A view of the megasite looking north from I-40.
State officials said they’ve picked a new site to pump wastewater from the Memphis Regional Megasite into the Mississippi River and a lawmaker asked them how long it would take to “scare” property owners along the pipeline into giving them their land.
In November, some state lawmakers asked for a delay in the permitting process for a 35-mile wastewater pipeline to carry industrial waste and treated sewer water from the megasite to the river at a site just north of Randolph. The process gave citizens there another 30 days to make their case against the site.
Justin Fox Burks
The original site of the outflow of the megasite's proposed wastewater pipeline.
That site, they said, would pump 3.5 million gallons of waste water into a spot on the river that gets shallow or dries up completely in summer months. Pumping it there, they said, would leave the wastewater to gather in large, dirty pools instead of mixing with the massive volumes of Mississippi River water.
Some 500,000 gallons of the daily wastewater carried by the new pipeline would sanitary wastewater from the city of Stanton, Tenn. This part of the plan led many on Facebook to call the project the "poopline."
Their case seemed to find the right ears. During a hearing on the megasite in Nashville Tuesday, Economic and Community Development Commissioner (TNECD) Bob Rolfe told lawmakers his office gathered more than 400 public comments on the project and worked with the Tennessee Department of Environment and Conservation (TDEC) to move the pipeline’s location on the river.
“We came up with a solution to move the outflow pipe a couple of miles south into what we’ll call the real deep channel flow of the Mississippi,” Rolfe said, during a meeting of the Senate Commerce and Labor Committee. “(The current outflow) may not be the most perfect location in the summertime when the river is way down and those sandbars do expose themselves.”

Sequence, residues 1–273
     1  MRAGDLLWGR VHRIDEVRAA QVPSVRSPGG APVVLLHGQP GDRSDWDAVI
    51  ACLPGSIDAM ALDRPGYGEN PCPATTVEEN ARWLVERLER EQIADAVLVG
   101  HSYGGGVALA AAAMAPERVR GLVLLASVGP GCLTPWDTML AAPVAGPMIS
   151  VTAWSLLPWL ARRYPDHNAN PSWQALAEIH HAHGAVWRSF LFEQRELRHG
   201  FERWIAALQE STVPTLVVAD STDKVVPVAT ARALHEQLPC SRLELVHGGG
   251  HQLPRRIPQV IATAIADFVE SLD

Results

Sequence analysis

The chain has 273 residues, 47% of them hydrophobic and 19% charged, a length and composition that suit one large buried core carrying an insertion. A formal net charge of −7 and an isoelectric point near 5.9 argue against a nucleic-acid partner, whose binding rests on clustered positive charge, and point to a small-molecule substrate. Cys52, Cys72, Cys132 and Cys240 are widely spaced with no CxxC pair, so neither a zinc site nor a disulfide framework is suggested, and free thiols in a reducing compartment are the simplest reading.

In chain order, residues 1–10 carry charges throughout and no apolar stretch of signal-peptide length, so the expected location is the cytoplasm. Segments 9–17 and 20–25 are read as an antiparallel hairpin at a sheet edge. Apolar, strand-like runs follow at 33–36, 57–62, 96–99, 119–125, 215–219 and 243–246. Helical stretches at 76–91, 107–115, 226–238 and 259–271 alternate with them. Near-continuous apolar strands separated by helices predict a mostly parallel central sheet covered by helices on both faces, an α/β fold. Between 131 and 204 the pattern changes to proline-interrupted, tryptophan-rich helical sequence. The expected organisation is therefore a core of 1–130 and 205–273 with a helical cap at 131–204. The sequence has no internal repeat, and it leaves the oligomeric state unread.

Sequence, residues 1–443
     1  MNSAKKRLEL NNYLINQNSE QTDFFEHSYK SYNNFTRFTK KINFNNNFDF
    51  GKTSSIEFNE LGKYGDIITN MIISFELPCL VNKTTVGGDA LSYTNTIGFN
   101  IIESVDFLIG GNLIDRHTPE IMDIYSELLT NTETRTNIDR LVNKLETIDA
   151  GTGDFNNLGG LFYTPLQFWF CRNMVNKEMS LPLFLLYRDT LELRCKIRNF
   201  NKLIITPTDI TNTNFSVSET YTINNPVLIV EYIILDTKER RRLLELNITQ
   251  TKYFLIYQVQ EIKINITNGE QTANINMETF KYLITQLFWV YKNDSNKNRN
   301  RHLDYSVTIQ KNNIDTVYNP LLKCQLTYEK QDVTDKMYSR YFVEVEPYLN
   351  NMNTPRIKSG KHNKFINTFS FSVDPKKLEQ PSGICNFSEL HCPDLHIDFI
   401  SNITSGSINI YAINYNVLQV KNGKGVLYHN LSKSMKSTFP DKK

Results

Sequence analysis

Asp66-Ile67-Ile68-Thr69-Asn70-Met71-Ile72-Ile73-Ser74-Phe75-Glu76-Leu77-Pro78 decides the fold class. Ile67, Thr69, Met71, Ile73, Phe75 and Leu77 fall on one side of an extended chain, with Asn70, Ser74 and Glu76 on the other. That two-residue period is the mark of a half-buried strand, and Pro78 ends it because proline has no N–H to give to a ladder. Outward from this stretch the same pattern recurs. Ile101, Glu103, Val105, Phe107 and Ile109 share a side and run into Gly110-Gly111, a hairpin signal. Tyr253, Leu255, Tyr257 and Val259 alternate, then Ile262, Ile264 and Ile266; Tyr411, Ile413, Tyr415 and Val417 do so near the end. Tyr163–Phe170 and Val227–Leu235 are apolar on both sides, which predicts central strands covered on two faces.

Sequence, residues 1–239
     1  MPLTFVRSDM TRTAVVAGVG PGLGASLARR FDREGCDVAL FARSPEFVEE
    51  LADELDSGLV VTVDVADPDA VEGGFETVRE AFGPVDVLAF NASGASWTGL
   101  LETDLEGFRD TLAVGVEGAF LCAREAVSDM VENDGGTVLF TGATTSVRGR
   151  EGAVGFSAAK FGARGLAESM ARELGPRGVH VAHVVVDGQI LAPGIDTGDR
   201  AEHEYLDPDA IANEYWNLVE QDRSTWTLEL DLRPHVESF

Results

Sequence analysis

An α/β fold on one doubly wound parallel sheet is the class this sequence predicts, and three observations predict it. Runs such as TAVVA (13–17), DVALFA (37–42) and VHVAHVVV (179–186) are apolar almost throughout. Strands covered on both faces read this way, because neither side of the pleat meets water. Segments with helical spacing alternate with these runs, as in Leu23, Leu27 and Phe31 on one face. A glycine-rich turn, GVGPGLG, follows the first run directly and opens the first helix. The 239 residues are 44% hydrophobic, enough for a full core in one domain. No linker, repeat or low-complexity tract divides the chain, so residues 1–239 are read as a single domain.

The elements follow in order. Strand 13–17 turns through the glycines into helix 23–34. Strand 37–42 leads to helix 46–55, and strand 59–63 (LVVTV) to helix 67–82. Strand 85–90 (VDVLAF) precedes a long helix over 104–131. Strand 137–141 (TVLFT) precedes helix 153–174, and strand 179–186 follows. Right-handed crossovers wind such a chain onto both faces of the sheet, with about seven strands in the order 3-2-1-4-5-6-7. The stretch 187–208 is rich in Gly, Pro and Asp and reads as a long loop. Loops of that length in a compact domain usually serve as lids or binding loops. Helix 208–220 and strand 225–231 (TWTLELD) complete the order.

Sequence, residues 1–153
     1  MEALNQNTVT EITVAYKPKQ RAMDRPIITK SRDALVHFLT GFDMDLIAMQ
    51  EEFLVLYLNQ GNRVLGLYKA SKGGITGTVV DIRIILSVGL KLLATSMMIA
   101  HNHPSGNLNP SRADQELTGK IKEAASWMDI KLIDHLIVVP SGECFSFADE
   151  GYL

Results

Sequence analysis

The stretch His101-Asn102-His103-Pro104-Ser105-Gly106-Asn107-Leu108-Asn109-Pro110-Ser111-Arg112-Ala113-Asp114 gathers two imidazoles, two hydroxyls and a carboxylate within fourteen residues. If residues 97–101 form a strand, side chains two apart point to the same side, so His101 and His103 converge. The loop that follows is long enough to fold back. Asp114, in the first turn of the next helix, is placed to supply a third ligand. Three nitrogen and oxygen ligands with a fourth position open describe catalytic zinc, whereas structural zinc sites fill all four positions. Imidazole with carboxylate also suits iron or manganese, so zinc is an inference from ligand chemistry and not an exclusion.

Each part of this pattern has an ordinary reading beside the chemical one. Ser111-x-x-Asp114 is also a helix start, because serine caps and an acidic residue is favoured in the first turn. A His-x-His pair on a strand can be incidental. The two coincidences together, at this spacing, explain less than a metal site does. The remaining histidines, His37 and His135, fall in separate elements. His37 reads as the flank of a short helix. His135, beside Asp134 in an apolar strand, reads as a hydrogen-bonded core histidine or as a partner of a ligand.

Rolfe said the state has permission from about 75 percent of the property owners along the pipeline route to build the line on or across their land. However, a “handful” of owners have said “there’s not a price (they could be paid) where they’d grant the easement.”
Rep. Jimmy Eldridge (R-Jackson) ask Rolfe, “How long is the process of eminent domain to scare the other 24 percent-25 percent of the other properties?”
Rolfe said it could be a six-to-nine-month process, “but I can assure you the (Tennessee Attorney General’s) office has a good strategy to pursue those avenues.”
Rolfe, who has helmed the TECD office for just over 10 months, said the wastewater portion of the Memphis-area megasite project has easily been its biggest snag.
So far, Tennessee taxpayers have paid $140 million for improvements on the site overall. Rolfe told lawmakers that it needs another $80 million to get it “shovel-ready.” It’s an Obama-era term from the American Recovery and Reinvestment Act that means a site has infrastructure built in and would need little investment from a company to build a new facility on a site.
Not being shovel-ready, Rolfe said, has cost the Memphis-area megasite several tenants, including Toyota/Mazda. That joint venture picked a site in Alabama last year over the megasite because it was, indeed, shovel-ready.
But Sen. Mark Green (R-Clarksville) said if $220 million were to be spent the project, it would take about 20 years for the site to yield any benefits back to Tennessee taxpayers.
“I’m excited about the potential but looking at the opportunity cost of $140 million, it’s money that could’ve been spent somewhere else if this is never going to work, right?” Green asked. “This people who elected me are asking these questions.”